We have been asking questions of the provincial government about their response to the growing mental health crisis in British Columbia.
Every one of their responses have been framed with sincere condolences. Yet, urgent action is lacking. We have heard from numerous community advocates that the provincial programs to deliver a safe supply of pharmaceutical-grade alternatives to poisonous illicit street drugs are not enough. We have heard that the province has not moved quickly enough to decriminalize people who possess a personal supply of illicit street drugs.
For too long our friends, family and neighbours who struggle with mental health and addictions have faced relentless stigmatization and judgment instead of receiving the support and care they deserve.
There are far too many stories of how our fellow citizens have been forced to overcome obstacles deeply entrenched in government institutions.
Rather than receiving the medical treatment they need, people suffering from addictions have been arrested and sent to the criminal justice system. Rather than receiving the medical treatment they need, people suffering from a mental health crisis have been belittled and sent on their way without the support or treatment they are seeking.
Discriminating against people suffering from addictions and mental health crises by labeling them as criminals and less-than-worthy of treatment is rooted in a culture of stigmatization that is informed by a bias across government institutions.
People are dying in British Columbia because of outdated drug policy. People are dying in British Columbia because when they seek treatment for a mental health crisis, they cannot get the help they need.
It doesn’t have to be this way. One big step government can take towards providing specialized mental health care for British Columbians is to pursue a pilot project authorizing psychologists to become eligible providers through the Medical Service Plan or Psychological Services Plan. This would help expand the access and affordability of mental health services and ensure all British Columbians can access the health care they require.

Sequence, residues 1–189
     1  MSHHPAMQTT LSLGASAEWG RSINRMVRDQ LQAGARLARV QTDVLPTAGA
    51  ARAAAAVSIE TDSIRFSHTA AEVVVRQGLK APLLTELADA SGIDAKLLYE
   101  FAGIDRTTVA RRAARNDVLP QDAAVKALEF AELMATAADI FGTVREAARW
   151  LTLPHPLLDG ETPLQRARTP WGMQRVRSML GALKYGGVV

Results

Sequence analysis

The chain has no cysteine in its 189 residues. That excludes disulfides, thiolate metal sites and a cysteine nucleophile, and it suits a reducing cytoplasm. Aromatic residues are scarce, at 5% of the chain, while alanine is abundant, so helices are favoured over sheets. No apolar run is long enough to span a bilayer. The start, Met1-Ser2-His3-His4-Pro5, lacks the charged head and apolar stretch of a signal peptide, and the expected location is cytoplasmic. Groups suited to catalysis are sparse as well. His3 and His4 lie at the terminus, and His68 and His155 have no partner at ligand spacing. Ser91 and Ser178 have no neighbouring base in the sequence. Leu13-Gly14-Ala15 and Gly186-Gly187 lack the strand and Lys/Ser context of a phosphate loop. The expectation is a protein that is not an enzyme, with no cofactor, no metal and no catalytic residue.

The BC NDP government has not demonstrated the urgency that is needed to address these crises. When we ask questions, we often receive lists of piecemeal actions being taken related to mental health. Though many of them are great – more treatment beds and online supports, for example – they do not address the broader, systemic problem at hand.
Our government does not treat mental and physical ailments equitably. If you are experiencing a cardiac event, stroke, or even diagnosed with terminal cancer it is unlikely that you will be diminished or blamed for your condition. In fact, you are likely to receive world-class treatment from the British Columbia health care system. However, we have heard too many examples that are far from this response from people who present to a health-care facility with a mental health crisis and/or addiction.
We asked Premier John Horgan in question period when his government is going to change the culture in our health-care system so British Columbians can expect the same treatment when they present with ailments of the mind or the body.
Unfortunately, there was no answer, but we think everyone can agree that the situation is dire and getting worse. If we are to ‘build back better’ after the pandemic, truly caring for British Columbians’ mental well-being will need to be at the forefront of that effort.
Sonia Furstenau is the MLA for Cowichan Valley and Adam Olsen is the MLA for Saanich North and the Islands.